At around the same time, there was this family friend called Bhaskar. I didn’t like him very much… he didn’t seem to like children. He gave the five-year-old me a formal smile instead of the usual ragging reserved for little children. It didn’t go down well with me, though I really detested the leg-pulling some of my parents’ friends indulged in.
So I assumed when someone yells “Bledy Bhaskar”, they are referring to this frown-faced guy. That he was such an evil person (when you’re a kid, you only have extremes) that his very name was a badword. I wondered for long why parents still continued to give their kids such names, inspite of this glowing example of a man who visited us every Friday. [I also used to assume that everyone had the same set of relatives you did, only they looked different. In my world-view, it was okay if your parents and grandparents had different names, but I assumed everyone had a Krithika-akka, a Vinu-anna, Seenu-mama... until I finished kindergarten. Hence, I assumed everyone would have a frown-faced Bhaskar-uncle who visited them every Friday. When I was in primary school, this notion stopped persisting, but at the back of my mind, I had a notion that adults knew everything]
For a very long time, I kept away from people named Bhaskar.
*It turned out to be ‘warning’. Such a relief that was.
Why isn’t this a major motion-picture yet, with Ilayaraja/Rehman soundtrack and Surya in a double role?
This book made quite a few waves when it first came out. It was supposed to be a really brilliant book, nicely written etc etc, and Mr. Davidar was the other reason for the hype. The man who brought Penguin India from being a publisher of a handful of books every year to one of the largest publishing houses in English in India had written a novel. It seemed quite full of Raj reminisces, caste violence, and all that staple Indian English fare. There were murmurs that it was semi-autobiographical.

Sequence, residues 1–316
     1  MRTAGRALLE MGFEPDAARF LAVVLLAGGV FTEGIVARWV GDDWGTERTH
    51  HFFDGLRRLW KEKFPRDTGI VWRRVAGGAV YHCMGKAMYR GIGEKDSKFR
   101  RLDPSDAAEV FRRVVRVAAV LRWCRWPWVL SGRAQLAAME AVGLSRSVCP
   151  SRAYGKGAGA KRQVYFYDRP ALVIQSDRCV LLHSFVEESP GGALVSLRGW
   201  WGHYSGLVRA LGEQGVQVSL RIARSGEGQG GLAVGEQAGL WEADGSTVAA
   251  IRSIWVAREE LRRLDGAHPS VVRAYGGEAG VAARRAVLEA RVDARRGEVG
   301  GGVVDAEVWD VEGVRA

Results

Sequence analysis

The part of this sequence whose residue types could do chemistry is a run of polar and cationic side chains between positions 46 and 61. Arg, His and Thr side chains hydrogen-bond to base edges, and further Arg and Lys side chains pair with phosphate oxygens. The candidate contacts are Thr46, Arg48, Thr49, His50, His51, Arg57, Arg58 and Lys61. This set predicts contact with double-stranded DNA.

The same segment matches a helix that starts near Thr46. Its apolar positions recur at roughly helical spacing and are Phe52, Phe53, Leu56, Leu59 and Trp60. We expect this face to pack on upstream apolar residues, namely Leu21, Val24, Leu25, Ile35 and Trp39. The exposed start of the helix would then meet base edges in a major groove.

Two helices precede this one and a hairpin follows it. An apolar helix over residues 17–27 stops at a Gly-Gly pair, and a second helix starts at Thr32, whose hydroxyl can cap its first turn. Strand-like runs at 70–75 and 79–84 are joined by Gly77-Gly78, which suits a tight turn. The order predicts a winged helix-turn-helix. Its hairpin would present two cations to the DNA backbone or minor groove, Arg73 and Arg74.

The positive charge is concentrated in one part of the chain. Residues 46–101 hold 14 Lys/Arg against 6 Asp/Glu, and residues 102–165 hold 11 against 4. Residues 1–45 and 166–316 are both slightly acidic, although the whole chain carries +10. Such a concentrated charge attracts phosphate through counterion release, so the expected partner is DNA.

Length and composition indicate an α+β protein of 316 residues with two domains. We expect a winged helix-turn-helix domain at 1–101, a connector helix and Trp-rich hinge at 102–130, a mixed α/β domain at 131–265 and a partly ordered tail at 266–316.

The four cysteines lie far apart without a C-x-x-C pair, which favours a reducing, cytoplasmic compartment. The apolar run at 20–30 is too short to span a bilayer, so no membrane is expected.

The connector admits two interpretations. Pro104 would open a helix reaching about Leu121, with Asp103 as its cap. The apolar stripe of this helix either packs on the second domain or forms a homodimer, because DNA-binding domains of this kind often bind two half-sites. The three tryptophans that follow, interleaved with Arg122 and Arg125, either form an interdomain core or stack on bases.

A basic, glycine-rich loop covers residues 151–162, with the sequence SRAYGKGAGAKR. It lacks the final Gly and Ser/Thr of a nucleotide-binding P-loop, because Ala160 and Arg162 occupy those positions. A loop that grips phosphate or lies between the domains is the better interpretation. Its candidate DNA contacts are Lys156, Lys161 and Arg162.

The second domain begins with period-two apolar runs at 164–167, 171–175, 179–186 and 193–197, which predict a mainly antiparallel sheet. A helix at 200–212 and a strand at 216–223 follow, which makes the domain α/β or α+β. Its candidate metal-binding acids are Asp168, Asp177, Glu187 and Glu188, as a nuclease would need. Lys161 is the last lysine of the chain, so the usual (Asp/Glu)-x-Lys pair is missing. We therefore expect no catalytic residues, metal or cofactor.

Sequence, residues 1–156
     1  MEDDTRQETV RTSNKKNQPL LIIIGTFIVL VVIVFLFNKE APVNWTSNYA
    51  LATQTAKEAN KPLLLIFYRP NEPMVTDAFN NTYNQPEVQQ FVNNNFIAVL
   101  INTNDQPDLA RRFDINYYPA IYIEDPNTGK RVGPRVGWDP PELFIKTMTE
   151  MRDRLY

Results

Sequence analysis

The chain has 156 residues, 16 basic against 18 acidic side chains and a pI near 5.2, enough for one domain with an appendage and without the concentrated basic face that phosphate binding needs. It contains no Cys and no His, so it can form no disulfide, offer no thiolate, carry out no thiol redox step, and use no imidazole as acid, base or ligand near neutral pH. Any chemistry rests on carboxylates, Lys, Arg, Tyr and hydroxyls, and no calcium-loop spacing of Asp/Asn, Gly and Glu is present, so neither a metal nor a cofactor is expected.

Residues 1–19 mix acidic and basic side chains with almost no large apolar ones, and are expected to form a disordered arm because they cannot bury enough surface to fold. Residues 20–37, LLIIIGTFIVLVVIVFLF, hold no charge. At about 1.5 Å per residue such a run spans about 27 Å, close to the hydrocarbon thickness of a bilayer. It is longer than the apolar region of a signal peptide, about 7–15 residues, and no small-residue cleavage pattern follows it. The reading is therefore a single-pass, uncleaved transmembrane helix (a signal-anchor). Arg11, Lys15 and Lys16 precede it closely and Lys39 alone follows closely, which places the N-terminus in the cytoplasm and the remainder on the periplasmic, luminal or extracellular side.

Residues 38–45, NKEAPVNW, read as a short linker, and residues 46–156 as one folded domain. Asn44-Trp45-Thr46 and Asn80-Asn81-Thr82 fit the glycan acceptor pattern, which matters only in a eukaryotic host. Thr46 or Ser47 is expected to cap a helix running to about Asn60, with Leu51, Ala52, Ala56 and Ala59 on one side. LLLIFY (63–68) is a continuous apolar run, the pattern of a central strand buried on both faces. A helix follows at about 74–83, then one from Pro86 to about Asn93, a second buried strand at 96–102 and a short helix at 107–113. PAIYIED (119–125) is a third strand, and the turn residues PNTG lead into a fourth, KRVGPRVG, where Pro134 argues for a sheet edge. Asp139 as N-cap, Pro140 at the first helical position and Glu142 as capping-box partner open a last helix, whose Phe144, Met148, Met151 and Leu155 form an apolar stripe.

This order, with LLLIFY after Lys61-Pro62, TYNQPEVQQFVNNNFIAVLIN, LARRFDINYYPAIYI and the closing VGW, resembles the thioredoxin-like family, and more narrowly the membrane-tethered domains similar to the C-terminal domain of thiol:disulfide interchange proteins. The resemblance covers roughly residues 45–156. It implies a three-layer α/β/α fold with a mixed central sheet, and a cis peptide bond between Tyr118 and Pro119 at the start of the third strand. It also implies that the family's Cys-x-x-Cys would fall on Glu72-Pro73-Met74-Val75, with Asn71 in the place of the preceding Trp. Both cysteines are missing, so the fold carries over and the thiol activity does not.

Me, I was in no mood to read another The God of Small Things. The reviews were goddamn all over the place. All the more easier to gloss them over. [Aside: I read on a blog somewhere about how online advertising co.s like Google should penalize bad ads, because they make users more resistant to ads, making the jobs of even the good ads more difficult]. Just like it had been for Arundati Roy’s magnum opus. And the plot seemed to be set in Kerala. God, just some smartass publisher who hoped to capitalize on the success of The God….
So I don’t know what I was thinking when I picked it off the rack at Blossoms a couple of weeks back.
But I’m glad I did.
(It later turned out to be set in Tamil Nadu, in some places bordering Kerala, but it’s not about a bunch of Malayalees who have descendants who come up with those irritating Mallu jokes. But the reason I’m glad for it being set in Tamil Nadu, I will come to very soon. Oh, and those of you wondering how to pronounce Davidar, after reading the book, I guess it doesn’t have an outlandish pronunciation, but probably something like David-err… just like Kalaign-err, Chozhiy-err, etc.).
The plot line is quite simple… tracing the travails of three generations of the Dorai family, who find true happiness and purpose only at their ancestral Neelam Illam, the titular House of Blue Mangoes.
The story starts in 1899, the first generation of Dorais we are introduced to are lords of a village… Solomon Dorai is the village headman, a just, kind and stable one. Caste violence tears the family asunder, taking with it Solomon and his cousin, and separating his wife and older son from the younger son.
The next generation consists of his sons – the studious Daniel, and the volatile Aaron. Aaron is lost in the freedom movement, while Daniel becomes a successful doctor, combining the best of traditional and Western systems of medicine, going on to become very wealthy after coming up with a skin-lightening formula.
The story follows Daniel’s son Kannan in its last third. It is now close to independence and WWII, and Kannan finds himself a brown man in a white man’s world. This part of the book deals exceedingly with his identity crises, and his journey of self-discovery.